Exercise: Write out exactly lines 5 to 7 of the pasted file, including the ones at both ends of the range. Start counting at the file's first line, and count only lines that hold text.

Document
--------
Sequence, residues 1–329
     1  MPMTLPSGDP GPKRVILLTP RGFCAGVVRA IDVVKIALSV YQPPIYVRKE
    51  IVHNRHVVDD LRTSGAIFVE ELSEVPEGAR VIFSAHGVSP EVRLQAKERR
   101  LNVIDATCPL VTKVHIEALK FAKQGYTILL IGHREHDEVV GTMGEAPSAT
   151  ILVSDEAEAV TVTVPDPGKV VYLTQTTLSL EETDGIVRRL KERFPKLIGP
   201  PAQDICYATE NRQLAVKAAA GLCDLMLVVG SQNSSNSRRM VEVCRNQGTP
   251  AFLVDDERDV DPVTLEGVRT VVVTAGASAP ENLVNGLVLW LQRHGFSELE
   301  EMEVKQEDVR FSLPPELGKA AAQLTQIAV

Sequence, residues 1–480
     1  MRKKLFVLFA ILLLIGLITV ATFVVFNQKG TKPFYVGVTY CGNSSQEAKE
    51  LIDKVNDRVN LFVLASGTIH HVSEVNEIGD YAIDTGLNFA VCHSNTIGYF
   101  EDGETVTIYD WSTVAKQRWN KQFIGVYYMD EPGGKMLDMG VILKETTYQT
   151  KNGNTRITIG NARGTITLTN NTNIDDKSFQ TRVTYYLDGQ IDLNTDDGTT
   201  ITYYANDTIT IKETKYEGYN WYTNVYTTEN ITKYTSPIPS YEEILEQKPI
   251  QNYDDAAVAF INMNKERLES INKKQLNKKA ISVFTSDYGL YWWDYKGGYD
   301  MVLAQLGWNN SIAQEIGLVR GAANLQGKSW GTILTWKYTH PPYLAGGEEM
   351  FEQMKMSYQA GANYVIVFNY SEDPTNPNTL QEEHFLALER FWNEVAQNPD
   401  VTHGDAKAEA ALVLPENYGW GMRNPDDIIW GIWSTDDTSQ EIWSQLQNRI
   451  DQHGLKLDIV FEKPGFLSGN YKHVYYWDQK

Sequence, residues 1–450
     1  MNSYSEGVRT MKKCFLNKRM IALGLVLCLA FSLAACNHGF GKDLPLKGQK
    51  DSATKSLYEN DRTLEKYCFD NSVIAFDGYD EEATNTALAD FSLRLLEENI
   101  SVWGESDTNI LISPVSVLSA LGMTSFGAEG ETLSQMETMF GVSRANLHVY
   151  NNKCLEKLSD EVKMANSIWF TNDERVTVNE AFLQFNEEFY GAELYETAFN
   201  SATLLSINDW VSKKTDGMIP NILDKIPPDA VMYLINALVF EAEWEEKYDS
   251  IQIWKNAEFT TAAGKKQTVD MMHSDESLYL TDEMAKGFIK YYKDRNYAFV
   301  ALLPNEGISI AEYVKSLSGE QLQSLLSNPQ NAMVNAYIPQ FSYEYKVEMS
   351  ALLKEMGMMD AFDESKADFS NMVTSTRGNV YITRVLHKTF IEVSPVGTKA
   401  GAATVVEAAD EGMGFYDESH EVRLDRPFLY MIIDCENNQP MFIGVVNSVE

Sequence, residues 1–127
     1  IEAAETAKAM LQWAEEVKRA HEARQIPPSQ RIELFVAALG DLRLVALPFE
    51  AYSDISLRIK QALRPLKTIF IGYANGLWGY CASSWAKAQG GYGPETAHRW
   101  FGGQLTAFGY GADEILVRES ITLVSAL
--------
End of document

   151  ILVSDEAEAV TVTVPDPGKV VYLTQTTLSL EETDGIVRRL KERFPKLIGP
   201  PAQDICYATE NRQLAVKAAA GLCDLMLVVG SQNSSNSRRM VEVCRNQGTP
   251  AFLVDDERDV DPVTLEGVRT VVVTAGASAP ENLVNGLVLW LQRHGFSELE